§ 19. Sir Douglas Hacking
asked the Minister of Health whether he has considered the letter about consultant and specialist services appearing in the British Medical Journal and the Lancet of 15th January, signed by the presidents of the Royal College of Physicians of London, the Royal College of Surgeons of England and the Royal College of Obstetricians and Gynaecologists, of which he has received a copy and in which it is stated that these colleges are, at his request, making a survey of the present availability of consultants and specialists; and whether, in view of misunderstandings that have arisen on this matter, he will indicate the purpose and scope of the survey.
§ Mr. Willink
As the Answer is a long one, I will, with permission, circulate it in the OFFICIAL REPORT.
§ Sir D. Hacking
I must comply with the Minister's request, but, in view of the great interest in this by the whole of the medical profession, will my right hon. and learned Friend see that the greatest possible publicity is given to the official reply and explanation, through medical and other journals throughout the country?
§ Mr. Willink
There is every reason to think that the right hon. Gentleman's wish will be gratified.
§ Following is the answer:
§ As is generally known, surveys of the hospital services have been in progress throughout the country for some months, the aim of which is to assist in producing plans for the co-ordination of those services after the war by ascertaining the supply of and probable demand for hospital facilities, and by making recommendations for any necessary extensions and improvements. At an early stage of these 1388 inquiries, it became clear that a very useful purpose would be served by the initiation of similar inquiries in England and Wales into the supply and distribution of consultants and specialists, and the probable demand for them in a comprehensive post-war hospital and consultant service. Arrangements were accordingly made with the presidents of the three Royal Colleges for a survey to be made of the existing consultant and specialist services, in order to ascertain whether there was a surplus or shortage in any area, and whether redistribution would be desirable in any post-war hospital service.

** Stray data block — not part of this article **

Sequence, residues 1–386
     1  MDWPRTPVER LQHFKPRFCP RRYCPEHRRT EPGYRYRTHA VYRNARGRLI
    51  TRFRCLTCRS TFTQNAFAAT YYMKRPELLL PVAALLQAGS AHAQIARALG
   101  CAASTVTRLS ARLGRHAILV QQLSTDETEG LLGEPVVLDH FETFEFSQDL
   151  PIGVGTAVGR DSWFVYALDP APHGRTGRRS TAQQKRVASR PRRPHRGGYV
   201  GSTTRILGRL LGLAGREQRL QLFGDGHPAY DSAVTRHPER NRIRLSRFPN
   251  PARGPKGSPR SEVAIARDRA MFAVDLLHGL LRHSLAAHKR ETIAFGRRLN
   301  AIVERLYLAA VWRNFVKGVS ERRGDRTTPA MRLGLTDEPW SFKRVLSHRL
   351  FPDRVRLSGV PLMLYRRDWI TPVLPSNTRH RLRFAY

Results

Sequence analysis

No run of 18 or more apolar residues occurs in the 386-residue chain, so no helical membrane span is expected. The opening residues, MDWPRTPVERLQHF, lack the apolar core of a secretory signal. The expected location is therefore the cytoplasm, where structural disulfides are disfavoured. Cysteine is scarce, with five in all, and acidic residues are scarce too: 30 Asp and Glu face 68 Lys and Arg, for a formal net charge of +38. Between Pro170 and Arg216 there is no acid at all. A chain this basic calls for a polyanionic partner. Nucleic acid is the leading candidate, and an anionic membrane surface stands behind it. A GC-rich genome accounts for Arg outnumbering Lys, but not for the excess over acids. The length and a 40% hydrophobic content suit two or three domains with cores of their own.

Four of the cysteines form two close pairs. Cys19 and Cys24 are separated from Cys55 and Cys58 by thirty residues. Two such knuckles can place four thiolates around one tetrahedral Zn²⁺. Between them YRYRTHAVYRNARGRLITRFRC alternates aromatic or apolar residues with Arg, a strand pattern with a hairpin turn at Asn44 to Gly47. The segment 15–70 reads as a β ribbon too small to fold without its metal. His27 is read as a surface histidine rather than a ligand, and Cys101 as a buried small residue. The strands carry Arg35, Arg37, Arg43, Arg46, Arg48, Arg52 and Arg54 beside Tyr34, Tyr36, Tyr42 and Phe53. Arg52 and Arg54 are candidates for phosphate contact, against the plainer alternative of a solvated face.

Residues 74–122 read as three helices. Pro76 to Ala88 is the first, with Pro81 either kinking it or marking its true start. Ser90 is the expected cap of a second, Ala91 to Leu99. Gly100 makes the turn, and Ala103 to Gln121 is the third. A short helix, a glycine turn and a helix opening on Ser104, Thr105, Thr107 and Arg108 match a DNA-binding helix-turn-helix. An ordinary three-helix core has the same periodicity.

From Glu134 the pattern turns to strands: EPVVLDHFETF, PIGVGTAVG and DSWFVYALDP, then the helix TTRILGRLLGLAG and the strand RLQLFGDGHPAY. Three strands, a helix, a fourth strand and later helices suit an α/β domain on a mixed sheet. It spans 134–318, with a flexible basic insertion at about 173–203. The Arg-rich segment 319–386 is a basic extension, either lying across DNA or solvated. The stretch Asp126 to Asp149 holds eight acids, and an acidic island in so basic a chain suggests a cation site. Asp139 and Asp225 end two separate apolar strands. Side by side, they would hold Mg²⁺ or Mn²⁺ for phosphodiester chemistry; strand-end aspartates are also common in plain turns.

§ The Royal Colleges have, as already announced, established a Central Medical Academic Council, including representatives of the universities, to perform the necessary work at the centre, and area committees based on the universities to undertake the collection of information and preparation of lists locally. My predecessor invited the vice-chancellors of the universities to act as chairmen of these area committees. It is hoped that this survey will make available for the first time information about the numbers and types of consultants and specialists in the country. Information is already available about specialists in the services.
§ Misunderstandings appear to have arisen owing to the fact that, in order to arrive at the numbers and types of consultants and specialists, it is necessary to draw up lists of names. I am, therefore, glad of this opportunity of assuring the profession, and especially its members who are on war service at home or abroad, that such lists will be treated as strictly confidential and will not be used as a test of eligiblity for appointment as consultant or specialist in any comprehensive post-war hospital service. If, at a later date, it were thought desirable that consultant and specialist appointments should be restricted to persons qualified in some particular manner and enrolled on a list for the purpose, it would be necessary to provide for the establishment of a register on a statutory basis in a manner approved by Parliament.